I just stumbled across you from the ‘Zero to Hero’ page and had a read of your blogs! I myself, though I don’t like talking about it with some people because they think you’re odd, also have mental health issues. So let me tell you, you’re doing everything right (Except the purging, obviously, but you know that!). Going out, being around people, going to Uni (Edinburgh in the future no less!) and your fostering of Dogs! You’re so much far advanced than I was at your age, I sound so old but I’m only 30 :P. I too suffered, and still do to a degree, with anxiety (Depression and OCD too) and it’s so annoying to say the least! By meeting it, and your other illnesses, head on you’re doing the right thing, like you I found being with someone while outside a great comfort, though when you’re on your own it isn’t so good!

    I can’t say I fully understand your bulimia (I’m not judging you here by the way 🙂 ), because I have the opposite problem, I can eat too damn much! (If only people like us could swap brains a few times a year we’d be healthy, though I don’t think you’d like being a Northern English bloke! lol) But I can try to understand it the best I can! So I understand it’s not as simple as just eating more! I have OCD compulsions, though they’re mostly mental and extremely hard to not think about! So I can sort of understand your compulsion to purge especially when you’re so depressed and anxious! I saw in your most recent blog you asked if someone can help you? I know it sounds obvious, but have you seen a specialist about it (If I made you facepalm with that idea I’m sorry)?

    I can also relate very strongly with your sense of isolation, very much! I have a flat (apartment) and yet I have, and will continue, to spend a lot of time around the family home or at my sisters who lives on the same block, because when you get that horrible feeling of isolation accompanied with depression, it isn’t nice to say the least!

    What am I looking forward to? I’m just looking forward to spending time with family, some friends and a very special friend of mine and making some good memories when to fight that feeling of isolation and negativity when I’m by myself! It sounds so simple, but I believe the only thing that really matters in life are human relationships! For me, you can keep all the materialistic rubbish. Love, life and happiness is all that matters, and your loved ones provide that! 🙂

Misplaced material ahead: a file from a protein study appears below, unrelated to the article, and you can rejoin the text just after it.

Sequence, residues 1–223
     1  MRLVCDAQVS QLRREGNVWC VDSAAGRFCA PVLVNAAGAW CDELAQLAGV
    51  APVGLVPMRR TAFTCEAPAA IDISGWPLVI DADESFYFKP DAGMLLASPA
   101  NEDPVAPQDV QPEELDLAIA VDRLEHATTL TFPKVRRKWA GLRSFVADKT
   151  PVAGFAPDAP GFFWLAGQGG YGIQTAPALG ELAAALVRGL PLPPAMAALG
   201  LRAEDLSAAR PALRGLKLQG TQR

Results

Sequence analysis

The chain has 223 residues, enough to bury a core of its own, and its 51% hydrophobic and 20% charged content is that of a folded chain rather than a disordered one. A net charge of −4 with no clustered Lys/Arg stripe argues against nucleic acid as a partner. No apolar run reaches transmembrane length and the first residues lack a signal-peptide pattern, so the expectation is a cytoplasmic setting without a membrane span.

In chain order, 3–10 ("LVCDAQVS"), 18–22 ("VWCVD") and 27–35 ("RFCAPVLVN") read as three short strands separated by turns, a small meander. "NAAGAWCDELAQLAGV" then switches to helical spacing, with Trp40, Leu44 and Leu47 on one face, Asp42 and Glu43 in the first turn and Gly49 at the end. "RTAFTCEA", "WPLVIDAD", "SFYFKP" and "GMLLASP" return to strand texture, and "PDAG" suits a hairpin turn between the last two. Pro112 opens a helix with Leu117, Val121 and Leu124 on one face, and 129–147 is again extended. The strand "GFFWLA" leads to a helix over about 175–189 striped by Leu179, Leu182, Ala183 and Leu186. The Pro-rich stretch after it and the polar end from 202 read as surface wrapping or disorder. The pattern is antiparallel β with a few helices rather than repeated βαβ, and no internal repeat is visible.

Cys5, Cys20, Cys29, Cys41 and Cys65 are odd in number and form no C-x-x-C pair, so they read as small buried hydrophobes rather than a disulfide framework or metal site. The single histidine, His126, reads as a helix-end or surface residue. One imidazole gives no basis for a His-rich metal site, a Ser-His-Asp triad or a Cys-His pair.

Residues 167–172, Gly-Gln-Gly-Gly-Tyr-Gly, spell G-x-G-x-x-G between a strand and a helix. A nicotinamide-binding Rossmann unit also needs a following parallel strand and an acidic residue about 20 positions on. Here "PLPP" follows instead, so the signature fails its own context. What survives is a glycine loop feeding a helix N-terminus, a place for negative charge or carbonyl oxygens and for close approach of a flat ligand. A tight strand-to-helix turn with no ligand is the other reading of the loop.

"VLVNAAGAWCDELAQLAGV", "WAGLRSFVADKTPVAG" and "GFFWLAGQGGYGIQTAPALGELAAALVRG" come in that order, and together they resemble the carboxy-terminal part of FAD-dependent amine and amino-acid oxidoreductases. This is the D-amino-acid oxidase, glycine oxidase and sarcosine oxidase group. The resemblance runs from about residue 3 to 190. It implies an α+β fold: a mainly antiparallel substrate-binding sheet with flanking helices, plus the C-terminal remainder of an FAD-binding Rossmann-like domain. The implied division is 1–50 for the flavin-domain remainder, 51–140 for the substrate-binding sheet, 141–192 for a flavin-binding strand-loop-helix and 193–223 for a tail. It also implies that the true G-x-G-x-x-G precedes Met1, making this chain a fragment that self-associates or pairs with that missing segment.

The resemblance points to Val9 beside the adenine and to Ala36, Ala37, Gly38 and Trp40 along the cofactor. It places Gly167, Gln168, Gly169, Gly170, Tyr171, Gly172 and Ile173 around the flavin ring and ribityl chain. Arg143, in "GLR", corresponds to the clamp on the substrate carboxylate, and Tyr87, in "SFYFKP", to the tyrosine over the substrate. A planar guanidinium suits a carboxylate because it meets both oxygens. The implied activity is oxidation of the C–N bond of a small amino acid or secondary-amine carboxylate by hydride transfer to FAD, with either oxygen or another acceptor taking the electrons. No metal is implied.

I think I’ve rambled on a bit here, sorry about that! lol. I just wanted to tell you you’re doing the right thing and don’t ever stop because there’s always light at the end of the tunnel, as you well know! :O)

    All the best, Deirdre and take care! 🙂

    – Phil

    1. Your comment really made me smile so thank you! It’s always great to hear that people can relate to my experiences. Well, I’m sure a lot of people do but I haven’t had much of a chance to speak with them. No rambling done, I love reading what other people think!

      I have similar OCD tendencies as well, which is probably why I tend to get so obsessed with numbers and what not.

      As for seeing a specialist, I have actually been searching. As you may know it’s a little difficult to find a therapist/psychiatrist that you can REALLY open up to. I’ve gone through about six in the past two years. Or maybe it’s just me who’s not too completely ready to talk about everything (I’ve always been quite stubborn).

      And I completely agree that cultivating relationships is one of the most important things to do. I’ve been trying to work on my social anxiety more these days and so I hope to get a chance to actually spend some time with my friends. It’s so much easier to forget about all your worries when you’re with other people.

      Thank you again for your comment! It was really helpful and I’ll make sure to check out your post.

      I wish you on an amazing 2014 as well!

      – Deirdre

  2. Oh, btw, if it helps, I have wrote a few blogs about my dealings with my illnesses, there’s not much on my mental health as Ulcerative Colitis has taken centre point for my illnesses, but you may find it helps. Please note, I’m not looking for comments here, the posts are just there IF you fancy a read in case they may help you! 🙂

  3. Hi Deirdre, thanks for visiting my blog at http://gottafindahome.wordpress.com I am bipolar and suffer from other mental disorders as well. I have been on medication for twenty-five years. I have attempted suicide. I have friends who are cutters. My poem “Paranoia” describes one of my break downs: http://wp.me/s3ow38-paranoia I found that meditation, exercise and reading about Buddhism were a great help. You’re a beautiful, intelligent young woman with your whole life ahead of you. My heart goes out to you. If you ever feel the need to communicate with someone you may email me at dacardiff@gmail.com Blessings. ~ Dennis

    1. I really love that poem. It’s so lovely and it really resonates with me.

      And thank you so much. It’s always great knowing there’s someone I can talk to.

      – Deirdre